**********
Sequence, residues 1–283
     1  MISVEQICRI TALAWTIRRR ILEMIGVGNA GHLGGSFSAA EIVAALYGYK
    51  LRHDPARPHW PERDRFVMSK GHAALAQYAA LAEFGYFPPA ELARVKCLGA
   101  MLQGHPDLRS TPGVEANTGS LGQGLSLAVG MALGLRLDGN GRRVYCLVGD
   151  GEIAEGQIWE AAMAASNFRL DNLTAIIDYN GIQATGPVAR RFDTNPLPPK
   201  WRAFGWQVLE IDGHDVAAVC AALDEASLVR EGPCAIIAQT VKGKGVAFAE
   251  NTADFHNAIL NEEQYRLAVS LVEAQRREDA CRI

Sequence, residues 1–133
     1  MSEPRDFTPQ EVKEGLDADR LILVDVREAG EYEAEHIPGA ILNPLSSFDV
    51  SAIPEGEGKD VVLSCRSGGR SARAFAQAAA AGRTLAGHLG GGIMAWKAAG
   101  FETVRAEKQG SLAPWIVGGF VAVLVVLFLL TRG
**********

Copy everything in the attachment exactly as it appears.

Sequence, residues 1–283
     1  MISVEQICRI TALAWTIRRR ILEMIGVGNA GHLGGSFSAA EIVAALYGYK
    51  LRHDPARPHW PERDRFVMSK GHAALAQYAA LAEFGYFPPA ELARVKCLGA
   101  MLQGHPDLRS TPGVEANTGS LGQGLSLAVG MALGLRLDGN GRRVYCLVGD
   151  GEIAEGQIWE AAMAASNFRL DNLTAIIDYN GIQATGPVAR RFDTNPLPPK
   201  WRAFGWQVLE IDGHDVAAVC AALDEASLVR EGPCAIIAQT VKGKGVAFAE
   251  NTADFHNAIL NEEQYRLAVS LVEAQRREDA CRI

Sequence, residues 1–133
     1  MSEPRDFTPQ EVKEGLDADR LILVDVREAG EYEAEHIPGA ILNPLSSFDV
    51  SAIPEGEGKD VVLSCRSGGR SARAFAQAAA AGRTLAGHLG GGIMAWKAAG
   101  FETVRAEKQG SLAPWIVGGF VAVLVVLFLL TRG